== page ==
I'm so tired of Tim Eyman.

I'm tired of his "me first!" short-sighted, dumbass initiatives, the misleading signature collectors, all the time, energy and money devoted almost every election season to countering his pro-milquetoast-suburban-white-guy-traffic-welfare initiatives.

Can we pass an initiative banning him from being associated in any way initiative process? Or we get to take away his car? Is that legally possible? I'd be out collecting signatures to get that in the ballot in a heartbeat. I need some legal advice, here.

Posted by Seriously | October 27, 2008 1:32 PM

Um, synchronizing the lights means that the peds get a red light on which to cross.
And more: because it makes the cars go in pods, usually synchronized lights clear out traffic, and create gaps in traffic allowing brave jaywalkers to cross more safely, too.

So, um, why do they need to have desynchronized lights?

And what cities actually desynchorinze lights on purpose ?

Posted by PC | October 27, 2008 1:34 PM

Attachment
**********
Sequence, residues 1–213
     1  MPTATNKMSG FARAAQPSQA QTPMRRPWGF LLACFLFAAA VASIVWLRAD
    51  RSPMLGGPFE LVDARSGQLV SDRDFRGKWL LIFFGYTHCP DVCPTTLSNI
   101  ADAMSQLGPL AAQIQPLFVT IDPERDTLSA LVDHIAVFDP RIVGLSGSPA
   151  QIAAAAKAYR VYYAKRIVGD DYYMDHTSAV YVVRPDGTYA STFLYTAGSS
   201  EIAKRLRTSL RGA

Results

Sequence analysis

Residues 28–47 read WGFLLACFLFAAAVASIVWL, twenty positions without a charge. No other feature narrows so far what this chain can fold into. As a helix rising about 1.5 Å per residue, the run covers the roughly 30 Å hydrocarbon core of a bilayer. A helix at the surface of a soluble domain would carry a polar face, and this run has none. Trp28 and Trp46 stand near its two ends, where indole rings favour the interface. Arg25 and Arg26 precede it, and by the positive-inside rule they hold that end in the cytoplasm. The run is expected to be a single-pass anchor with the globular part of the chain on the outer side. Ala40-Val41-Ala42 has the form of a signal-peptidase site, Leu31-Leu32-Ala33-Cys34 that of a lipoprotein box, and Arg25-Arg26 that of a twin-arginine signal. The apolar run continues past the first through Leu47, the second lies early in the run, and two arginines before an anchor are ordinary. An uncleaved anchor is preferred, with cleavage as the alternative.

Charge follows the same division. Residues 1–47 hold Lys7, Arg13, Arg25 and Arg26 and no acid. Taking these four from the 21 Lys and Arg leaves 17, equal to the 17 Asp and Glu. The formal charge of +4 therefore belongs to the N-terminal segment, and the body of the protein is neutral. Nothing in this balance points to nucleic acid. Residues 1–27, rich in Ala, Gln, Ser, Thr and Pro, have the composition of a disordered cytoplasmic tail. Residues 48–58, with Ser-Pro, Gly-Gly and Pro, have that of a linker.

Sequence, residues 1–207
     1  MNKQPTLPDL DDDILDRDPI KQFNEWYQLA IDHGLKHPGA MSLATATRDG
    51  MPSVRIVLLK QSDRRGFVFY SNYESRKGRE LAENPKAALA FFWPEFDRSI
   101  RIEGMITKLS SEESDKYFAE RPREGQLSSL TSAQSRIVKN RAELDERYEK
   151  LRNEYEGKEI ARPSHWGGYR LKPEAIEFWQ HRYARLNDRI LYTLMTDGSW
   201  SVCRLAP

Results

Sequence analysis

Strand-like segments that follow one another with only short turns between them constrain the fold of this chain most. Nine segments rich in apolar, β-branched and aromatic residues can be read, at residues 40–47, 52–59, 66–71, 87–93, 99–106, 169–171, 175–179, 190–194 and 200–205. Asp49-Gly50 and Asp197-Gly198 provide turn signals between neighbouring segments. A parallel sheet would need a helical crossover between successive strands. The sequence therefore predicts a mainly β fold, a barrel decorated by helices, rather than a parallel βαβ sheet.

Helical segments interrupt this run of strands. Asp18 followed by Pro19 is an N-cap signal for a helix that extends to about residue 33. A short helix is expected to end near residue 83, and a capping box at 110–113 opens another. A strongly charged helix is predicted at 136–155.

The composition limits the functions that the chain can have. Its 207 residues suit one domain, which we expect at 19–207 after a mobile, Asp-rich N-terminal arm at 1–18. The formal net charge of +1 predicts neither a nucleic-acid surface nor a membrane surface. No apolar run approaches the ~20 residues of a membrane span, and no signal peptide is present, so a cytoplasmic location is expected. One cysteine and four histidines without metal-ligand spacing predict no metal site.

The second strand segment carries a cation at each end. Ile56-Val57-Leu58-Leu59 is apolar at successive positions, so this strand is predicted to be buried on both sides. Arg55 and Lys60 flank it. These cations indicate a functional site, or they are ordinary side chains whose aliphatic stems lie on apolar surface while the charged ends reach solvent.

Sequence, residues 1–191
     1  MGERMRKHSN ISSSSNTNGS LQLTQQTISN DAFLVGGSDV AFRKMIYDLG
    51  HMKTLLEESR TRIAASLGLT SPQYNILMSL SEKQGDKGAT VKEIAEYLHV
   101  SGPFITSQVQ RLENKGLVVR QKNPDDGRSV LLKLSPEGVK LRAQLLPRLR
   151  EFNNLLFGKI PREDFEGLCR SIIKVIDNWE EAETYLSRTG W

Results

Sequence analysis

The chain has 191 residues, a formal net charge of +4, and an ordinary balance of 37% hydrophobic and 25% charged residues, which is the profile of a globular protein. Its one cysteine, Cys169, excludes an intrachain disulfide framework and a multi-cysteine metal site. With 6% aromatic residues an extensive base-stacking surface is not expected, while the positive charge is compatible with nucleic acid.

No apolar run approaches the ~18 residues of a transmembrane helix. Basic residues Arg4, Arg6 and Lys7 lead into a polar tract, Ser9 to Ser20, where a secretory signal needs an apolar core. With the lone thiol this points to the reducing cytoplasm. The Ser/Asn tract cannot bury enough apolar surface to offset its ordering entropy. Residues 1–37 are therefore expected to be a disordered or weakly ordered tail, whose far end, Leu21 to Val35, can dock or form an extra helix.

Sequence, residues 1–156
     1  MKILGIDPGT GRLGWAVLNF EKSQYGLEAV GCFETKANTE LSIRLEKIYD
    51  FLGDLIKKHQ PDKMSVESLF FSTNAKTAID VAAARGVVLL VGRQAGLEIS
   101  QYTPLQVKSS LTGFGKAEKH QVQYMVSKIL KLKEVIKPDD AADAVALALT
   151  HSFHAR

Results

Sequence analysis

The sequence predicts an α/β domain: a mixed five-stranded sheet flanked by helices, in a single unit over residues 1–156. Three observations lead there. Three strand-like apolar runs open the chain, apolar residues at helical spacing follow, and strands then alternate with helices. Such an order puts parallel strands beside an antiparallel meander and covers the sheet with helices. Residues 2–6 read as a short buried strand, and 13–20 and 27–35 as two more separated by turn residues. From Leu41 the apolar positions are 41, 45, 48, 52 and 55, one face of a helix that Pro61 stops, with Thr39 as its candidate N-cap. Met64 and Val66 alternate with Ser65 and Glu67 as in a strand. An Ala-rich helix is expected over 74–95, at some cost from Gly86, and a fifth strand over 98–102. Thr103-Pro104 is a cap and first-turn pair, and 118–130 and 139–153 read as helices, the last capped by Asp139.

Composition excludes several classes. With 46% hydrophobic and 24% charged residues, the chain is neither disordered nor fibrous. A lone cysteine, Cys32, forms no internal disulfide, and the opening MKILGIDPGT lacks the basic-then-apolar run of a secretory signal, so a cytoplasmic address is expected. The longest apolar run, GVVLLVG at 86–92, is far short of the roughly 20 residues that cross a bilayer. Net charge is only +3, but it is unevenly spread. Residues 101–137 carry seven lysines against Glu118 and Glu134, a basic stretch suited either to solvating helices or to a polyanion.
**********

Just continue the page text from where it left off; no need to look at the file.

Can we write an initiative to expel Tim Eyman from the state of Washington? I bet we could get enough signatures for that one without even lying about it.

Posted by Greg | October 27, 2008 1:41 PM

Eyman is a master of the "you know that thing you hate to do or have done to you, even though you probably understand that it's done for a reason, but you need affirmation to reject that reason" initiative.

Or perhaps a lot of people are just dumbasses that think their highways, police, and other transportation stuff is paid for with magic pixie dust, and that the state has billions of dollars that are being used to pay for illegal immigrant prostitution abortion marriage.